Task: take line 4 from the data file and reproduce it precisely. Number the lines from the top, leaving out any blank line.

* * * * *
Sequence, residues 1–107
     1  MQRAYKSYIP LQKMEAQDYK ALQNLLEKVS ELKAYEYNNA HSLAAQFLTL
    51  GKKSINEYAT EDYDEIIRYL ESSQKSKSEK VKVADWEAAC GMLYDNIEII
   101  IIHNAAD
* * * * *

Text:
   101  IIHNAAD